Thursday, October 13, 1977, began as just another routine trip for the crew of Lufthansa Flight 181, as the Boeing 737 departed the island of Palma de Mallorca bound for Frankfurt Germany. Onboard, 86 passengers and five crew members went about their business, while the coast of mainland Europe slipped by below them. Little did they know that it would take an ordeal to eventually reach their destination.

Some 30 minutes into the flight, two men and two women wearing Che Guevera T-shirts rose from their seats brandishing pistols and hand grenades, while shouting commands to the passengers. They called themselves Commando Martyr Halime. Their leader, a Palestinian with the alias ‘Martyr Mahmud‘, forced his way into the cockpit and ordered the co-pilot to join the passengers.

Jurgen Schumann, the pilot, listened as Mahmud told him to set course for Cyprus. Schumann countered saying they didn’t have enough fuel and would have to land in Rome first.

Siegfried Hausner Commando, a faction of the German pro-communist terrorist organization known as the Red Army Faction, had allied themselves with the hijackers and demanded the release of 10 RAF compatriots from a German prison, along with two Palestinians held in Turkey. In addition, they wanted 15 million dollars in exchange for the lives of the passengers. Germany began negotiations, and at 5:45 p.m., the jet lifted off from Rome without clearance and headed for Cyprus.

On the ground in Cyprus, a representative from the Palestine Liberation Organization (PLO) arrived and attempted to negotiate the hostages’ release. Mahmud yelled at him over the radio and the man eventually gave up. At 10:50 p.m., the aircraft departed Cyprus and found itself being denied landing rights in Beirut, Baghdad, Damascus, and Kuwait. The only remaining airport was Bahrain, which they received word was closed. Schumann informed them they had to land again because of low fuel. A flight controller relented and they touched down at 1:52 a.m., only to have troops surround them, then withdraw after Mahmud held a gun to the co-pilot’s head and threatened to kill him. They refueled and left Bahrain, this time for Dubai.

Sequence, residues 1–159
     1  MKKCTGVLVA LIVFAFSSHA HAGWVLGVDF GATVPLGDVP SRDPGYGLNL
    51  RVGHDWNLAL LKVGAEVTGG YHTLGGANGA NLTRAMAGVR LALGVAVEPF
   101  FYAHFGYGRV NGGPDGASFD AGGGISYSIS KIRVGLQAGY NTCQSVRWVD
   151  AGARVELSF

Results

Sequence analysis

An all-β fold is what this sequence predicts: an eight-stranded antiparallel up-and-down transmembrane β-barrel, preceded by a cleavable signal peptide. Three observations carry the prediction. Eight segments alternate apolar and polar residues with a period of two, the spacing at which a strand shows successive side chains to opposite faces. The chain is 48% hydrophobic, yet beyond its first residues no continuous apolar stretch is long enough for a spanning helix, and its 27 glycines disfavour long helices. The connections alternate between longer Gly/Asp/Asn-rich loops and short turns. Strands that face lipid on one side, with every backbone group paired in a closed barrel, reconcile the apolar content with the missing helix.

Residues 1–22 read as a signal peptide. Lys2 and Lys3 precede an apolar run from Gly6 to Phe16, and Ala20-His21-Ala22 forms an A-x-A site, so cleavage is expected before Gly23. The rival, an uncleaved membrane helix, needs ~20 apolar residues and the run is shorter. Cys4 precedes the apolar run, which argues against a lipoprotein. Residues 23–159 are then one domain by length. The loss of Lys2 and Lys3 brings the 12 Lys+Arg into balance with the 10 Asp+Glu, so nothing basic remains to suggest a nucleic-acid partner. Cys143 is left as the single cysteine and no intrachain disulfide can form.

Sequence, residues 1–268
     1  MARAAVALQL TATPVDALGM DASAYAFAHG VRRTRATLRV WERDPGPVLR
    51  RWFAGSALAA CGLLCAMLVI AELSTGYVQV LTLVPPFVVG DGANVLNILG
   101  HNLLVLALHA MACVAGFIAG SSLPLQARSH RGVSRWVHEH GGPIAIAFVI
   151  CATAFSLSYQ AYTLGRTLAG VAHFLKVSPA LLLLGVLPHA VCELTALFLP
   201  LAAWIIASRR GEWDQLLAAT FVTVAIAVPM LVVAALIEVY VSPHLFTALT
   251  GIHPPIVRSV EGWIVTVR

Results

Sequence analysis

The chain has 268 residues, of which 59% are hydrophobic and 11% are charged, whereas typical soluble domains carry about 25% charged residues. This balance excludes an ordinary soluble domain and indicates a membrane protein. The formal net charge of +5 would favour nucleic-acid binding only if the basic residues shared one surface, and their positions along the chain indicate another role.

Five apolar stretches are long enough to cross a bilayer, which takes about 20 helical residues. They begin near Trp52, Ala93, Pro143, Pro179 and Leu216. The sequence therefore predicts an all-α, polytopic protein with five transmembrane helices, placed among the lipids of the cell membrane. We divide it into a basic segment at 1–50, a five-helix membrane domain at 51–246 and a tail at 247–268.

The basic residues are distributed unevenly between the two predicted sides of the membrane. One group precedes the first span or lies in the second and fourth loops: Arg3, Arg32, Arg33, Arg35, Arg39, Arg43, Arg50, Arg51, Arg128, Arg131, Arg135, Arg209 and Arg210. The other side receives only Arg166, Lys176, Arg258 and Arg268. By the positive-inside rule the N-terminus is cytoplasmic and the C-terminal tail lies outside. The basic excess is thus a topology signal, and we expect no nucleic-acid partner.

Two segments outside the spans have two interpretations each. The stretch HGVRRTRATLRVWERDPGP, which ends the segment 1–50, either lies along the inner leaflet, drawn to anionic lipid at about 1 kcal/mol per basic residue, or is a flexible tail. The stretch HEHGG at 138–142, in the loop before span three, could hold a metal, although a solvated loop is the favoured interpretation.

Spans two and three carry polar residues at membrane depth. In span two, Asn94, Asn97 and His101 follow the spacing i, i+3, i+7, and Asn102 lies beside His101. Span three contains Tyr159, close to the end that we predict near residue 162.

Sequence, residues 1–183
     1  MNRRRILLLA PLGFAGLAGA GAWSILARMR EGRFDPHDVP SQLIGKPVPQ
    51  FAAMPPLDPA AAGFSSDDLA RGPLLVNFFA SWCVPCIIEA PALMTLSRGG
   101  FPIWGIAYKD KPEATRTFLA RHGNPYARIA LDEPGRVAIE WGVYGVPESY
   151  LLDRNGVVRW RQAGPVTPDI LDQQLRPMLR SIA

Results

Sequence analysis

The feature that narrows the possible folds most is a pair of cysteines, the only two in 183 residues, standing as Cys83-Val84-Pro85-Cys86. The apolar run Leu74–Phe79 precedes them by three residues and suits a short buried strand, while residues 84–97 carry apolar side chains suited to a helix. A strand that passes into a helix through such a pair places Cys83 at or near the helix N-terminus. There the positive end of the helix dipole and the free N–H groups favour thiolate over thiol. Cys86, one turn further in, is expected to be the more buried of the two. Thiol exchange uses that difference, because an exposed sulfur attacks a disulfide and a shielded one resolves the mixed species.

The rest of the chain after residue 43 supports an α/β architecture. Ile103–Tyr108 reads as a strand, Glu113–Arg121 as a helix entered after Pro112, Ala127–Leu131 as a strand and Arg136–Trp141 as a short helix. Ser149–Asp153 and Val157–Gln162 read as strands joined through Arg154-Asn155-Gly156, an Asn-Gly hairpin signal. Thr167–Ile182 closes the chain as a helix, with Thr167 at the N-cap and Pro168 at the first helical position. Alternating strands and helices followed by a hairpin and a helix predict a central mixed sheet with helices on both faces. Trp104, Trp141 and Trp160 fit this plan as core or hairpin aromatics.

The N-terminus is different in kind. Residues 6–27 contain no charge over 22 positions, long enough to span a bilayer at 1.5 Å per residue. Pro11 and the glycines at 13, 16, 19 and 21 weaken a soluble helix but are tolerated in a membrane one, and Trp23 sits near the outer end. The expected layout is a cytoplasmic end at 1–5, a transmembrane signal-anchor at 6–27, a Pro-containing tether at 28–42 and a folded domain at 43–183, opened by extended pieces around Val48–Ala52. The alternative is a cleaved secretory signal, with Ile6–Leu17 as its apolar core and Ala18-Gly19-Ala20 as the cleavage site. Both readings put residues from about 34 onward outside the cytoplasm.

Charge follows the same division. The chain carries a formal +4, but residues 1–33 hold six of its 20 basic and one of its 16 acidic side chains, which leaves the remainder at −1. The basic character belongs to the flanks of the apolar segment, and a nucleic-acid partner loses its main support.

Dubai ordered the runways blocked with vehicles, but as the plane made a low pass, Schumann pleaded with them to let them land as they once again were at their fuel limit. The vehicles, at last, raced away and they touched down in the morning light.

The terrorists ordered food and water to be brought in and the garbage to be removed. Seizing on the opportunity, Schumann proceeded to throw cigarette stubs out the hatch which informed the Germans on-site as to the number of terrorists. The information made its way to the Dubai authorities, who in turn gave an interview to journalists. The terrorists found out about it and Mahmud threatened to kill Schumann if refueling didn’t begin. What the terrorists didn’t know is that the Germans belonged to a unit that had arrived in Dubai shortly after Flight 181’s landing. The unit was led by a 48-year-old Oberleutnant( Lieutenant Colonel) named Ulrich Wegener, the man who had founded and commanded Grenshutzgruppe 9 (Border Guard Group 9), better known as GSG-9, Germany’s police counter-terrorism unit.

GSG-9 was created after the German police’s bungling of the 1972 Munich Olympics, in which Palestinian terrorists slaughtered Israeli hostages on a runway tarmac while being engaged by ill-trained sharpshooters. Determined not to repeat the past, Germany decreed the creation of a police counter-terrorism unit; soon thereafter on April 17, 1973, GSG-9 was born.